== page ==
Tuesday, July 03, 2007

Gearing Up For Year 3: Goal/Objective Setting

Today I started actively planning and thinking about my Third Year teaching high school. This time last year, I procrastinated, but I was constantly thinking about what I would do differently. For Year Two, I was focused on classroom management. This gives you an idea of what my first year was like. Year One: I “wrote up” at least 3 students EVERY WEEK. It was terrible. The kids were terrible and they knew it. I was awful, too. Therefore, last summer I concentrated on classroom management and discipline. Classroom management & discipline was great for Year Two.

This year (Y3) my focus is on content and teaching strategies. Following the pattern of Frumteacher, I started with setting my goals. As I talked with TeamTeacher this morning, I outlined some of my major goals for this year (World History, mainly):

  • Including literacy component to my World History. This means that we are going to try and read several books this year. She set a limit of 3. I would love to do four, so that I can include something from Black History. Right off, I know we will read Escape From Slavery by Francis Bok. We are looking at reading an account of the Holocaust—I picked The Hiding Place. I’m looking for a 3rd Book, I think I would like a fiction book that deals with Islam, possibly Islam and women. . . Any suggestions, all you readers out there?

  • Increasing the writing skills of my students. If our district’s motto is to prepare our students for college, as I explained to Team Teacher, we MUST start working with their writing skills before the tenth grade. I want them to be able to write at least a 2 page essay by the end of the year. The problem is our 9th grade English teachers DO NOT focus on this. They do in the honors classes, but not in regular. So, our dilemma/debate/issue is that we have to teach them how to write this type of paper. As we discussed this, we honestly DO NOT know how to this. Again, I am coming to all of my faithful readers, writers & ENGLISH TEACHERS: Is there as website or resource we could use so that we give our children basic instruction on essay writing for our classes? These should be brief lessons. Like 5 or 10 minute lessons, which we could build on weekly AND by the end of the year they should be able to write their own essays.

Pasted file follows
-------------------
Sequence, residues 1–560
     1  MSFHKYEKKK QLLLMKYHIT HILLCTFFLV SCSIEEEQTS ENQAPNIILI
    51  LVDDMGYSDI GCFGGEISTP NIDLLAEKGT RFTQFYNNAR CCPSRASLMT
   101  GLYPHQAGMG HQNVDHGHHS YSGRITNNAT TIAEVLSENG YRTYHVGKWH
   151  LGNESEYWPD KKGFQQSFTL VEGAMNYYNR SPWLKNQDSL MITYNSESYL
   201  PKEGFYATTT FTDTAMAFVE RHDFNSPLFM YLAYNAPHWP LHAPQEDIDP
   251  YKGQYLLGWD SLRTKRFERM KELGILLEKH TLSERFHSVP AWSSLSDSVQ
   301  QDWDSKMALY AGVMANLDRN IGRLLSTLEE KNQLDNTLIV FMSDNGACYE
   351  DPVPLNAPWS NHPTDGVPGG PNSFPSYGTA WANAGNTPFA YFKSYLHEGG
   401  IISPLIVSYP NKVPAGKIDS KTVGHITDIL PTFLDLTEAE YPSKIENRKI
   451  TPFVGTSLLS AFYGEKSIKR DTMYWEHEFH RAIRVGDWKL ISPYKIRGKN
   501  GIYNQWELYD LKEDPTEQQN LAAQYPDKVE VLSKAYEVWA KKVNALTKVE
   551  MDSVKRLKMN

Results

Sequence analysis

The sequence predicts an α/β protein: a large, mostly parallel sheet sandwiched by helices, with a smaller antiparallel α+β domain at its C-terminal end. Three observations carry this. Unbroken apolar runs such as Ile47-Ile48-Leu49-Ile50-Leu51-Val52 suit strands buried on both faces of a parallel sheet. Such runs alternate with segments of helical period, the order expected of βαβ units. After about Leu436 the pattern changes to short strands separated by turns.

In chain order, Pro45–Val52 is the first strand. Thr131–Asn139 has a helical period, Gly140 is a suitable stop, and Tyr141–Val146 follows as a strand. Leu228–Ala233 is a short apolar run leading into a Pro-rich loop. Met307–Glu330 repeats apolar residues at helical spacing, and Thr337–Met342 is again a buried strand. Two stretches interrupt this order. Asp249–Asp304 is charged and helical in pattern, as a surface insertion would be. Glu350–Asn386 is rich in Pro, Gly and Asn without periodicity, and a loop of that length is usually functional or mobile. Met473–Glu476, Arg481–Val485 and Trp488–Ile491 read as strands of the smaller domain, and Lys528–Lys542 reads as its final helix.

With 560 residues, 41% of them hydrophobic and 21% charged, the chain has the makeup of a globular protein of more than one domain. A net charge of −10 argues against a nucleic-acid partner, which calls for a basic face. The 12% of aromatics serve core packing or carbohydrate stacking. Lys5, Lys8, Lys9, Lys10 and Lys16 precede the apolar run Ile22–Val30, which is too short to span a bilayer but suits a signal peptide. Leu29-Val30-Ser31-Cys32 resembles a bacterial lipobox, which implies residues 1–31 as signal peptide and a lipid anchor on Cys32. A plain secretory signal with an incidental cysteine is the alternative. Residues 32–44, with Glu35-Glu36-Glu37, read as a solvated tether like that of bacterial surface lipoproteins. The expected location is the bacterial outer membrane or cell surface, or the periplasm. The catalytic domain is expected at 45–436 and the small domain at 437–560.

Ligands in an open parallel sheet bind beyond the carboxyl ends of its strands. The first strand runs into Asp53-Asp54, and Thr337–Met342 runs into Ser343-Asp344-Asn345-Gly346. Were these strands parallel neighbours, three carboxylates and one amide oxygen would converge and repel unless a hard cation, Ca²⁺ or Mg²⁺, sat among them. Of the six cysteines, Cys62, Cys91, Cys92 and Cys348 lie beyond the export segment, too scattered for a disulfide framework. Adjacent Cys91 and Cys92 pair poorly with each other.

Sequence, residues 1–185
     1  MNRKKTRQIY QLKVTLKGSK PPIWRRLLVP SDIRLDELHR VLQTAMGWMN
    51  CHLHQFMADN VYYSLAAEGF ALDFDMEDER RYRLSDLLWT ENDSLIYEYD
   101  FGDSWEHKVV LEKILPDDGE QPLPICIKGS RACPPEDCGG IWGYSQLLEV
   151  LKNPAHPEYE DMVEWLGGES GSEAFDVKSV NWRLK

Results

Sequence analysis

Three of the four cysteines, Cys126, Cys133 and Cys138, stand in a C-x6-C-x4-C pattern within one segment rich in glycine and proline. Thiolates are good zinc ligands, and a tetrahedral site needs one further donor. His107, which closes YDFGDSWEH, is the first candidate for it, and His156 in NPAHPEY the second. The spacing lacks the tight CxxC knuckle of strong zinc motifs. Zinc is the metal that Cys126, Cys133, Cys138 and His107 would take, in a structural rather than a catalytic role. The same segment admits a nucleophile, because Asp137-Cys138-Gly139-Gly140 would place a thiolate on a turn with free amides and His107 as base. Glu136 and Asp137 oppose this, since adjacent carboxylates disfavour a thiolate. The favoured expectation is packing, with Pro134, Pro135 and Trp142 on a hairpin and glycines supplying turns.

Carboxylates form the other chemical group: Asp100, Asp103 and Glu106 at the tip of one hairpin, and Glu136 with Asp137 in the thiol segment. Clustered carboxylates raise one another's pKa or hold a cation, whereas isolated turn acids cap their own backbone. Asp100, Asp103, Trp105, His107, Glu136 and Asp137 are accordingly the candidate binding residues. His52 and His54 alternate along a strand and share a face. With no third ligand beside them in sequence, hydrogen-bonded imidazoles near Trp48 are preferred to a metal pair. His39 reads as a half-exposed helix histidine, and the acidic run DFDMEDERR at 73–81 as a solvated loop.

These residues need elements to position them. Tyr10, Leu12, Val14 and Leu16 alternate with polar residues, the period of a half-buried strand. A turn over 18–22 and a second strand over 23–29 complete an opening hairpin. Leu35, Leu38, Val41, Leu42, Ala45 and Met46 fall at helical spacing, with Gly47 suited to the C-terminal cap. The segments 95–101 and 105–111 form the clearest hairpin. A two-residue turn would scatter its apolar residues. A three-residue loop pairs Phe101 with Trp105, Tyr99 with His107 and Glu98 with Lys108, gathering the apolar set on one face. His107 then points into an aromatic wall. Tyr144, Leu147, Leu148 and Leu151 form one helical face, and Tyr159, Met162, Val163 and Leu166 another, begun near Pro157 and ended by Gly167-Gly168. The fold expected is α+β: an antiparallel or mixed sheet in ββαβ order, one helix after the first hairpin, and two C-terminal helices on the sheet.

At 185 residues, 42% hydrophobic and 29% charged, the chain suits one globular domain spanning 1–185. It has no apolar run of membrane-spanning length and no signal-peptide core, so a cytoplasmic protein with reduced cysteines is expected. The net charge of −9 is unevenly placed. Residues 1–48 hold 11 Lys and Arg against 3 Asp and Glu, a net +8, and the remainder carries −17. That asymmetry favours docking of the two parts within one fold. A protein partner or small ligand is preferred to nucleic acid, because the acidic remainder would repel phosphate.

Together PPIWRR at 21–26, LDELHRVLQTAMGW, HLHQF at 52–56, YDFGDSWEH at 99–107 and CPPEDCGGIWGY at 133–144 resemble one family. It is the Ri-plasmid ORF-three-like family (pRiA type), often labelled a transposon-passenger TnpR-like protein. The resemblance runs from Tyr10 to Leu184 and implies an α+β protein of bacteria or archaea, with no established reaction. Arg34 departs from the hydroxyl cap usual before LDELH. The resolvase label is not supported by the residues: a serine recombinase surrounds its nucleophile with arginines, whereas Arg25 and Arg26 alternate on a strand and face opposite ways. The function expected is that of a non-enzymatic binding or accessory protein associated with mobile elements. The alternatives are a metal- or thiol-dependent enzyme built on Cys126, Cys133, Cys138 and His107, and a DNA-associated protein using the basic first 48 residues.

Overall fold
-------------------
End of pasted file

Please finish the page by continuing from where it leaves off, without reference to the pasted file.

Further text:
• I am also looking for strategies/lesson ideas in which the kids get to use their hands more often. My games are always successful in reiterating what we have taught. The kids get to move, chat with each other and usually end up moving their hands. It is rowdy, but it works. I’d like to find more activities (independent or pairs) that cause the children to use their hands or bodies that would help them with retention and comprehension. I want to decrease the amount of time that I spend lecturing. I won’t eliminate it b/c in history it’s just necessary, especially with a mixture of reading levels and abilities in the classroom.

  • Finally, I would focus on connecting the present with the past. I want my students to see the relevance of the major events we talk about. I would like them to see how it affects them now. Honestly, I really don’t think that I will get to this in Year 3. But it is a goal.


For African American history the goals are different.

  • I will also include a literacy component. We are going to read Incidents in the Life of Slave Girl by Harriet Jacobs and Native Son by Richard Wright

  • They, too, will do A LOT of writing. I won't teach it b/c the class is for 10-12 grade students.

Because its only a semester long class, I can't go beyond this in my planning. But we are definitely looking at race, ethnicity and identity. It will be a challenging year.

7 comments:

Mrs. Bluebird said...

I am blown away by your comment about essay writing. Our district uses something called 6+1 model of writing, in all grades, and my building does school-wide writing assignments at least once a month (drives the math teachers crazy). My seventh graders can, usually, do an essay by the end of the year. Some of them can start off the year writing wonderful essays. I guess it's working as our scores on the statewide 8th grade writing assessment are excellent - and we're a low income school.

As for getting the kids to do things wih their hands...go to www.dinah.com and look into purchasing one of Dinah Zike's books on foldables. Our department (7th grade science) has used her technique of making graphic organizer foldables, basically where you fold paper, staple and cut (there are lots of different designs) and use these instead of notes. The kids love these because they're doing something with their hands and not just sitting there writing notes. I've found that these are excellent study aids and the kids get very creative with them.

Betsy said...

Several things-
1. I don't know of any writing resources off the top of my head, but I will definitely be on the lookout for you.

2. Make sure you check with your English department about books that have been covered in their classes. To check for overlap, but more importantly to have that cross-curricular connection for the students. To Kill a Mockingbird would be a great reference for your AA history class.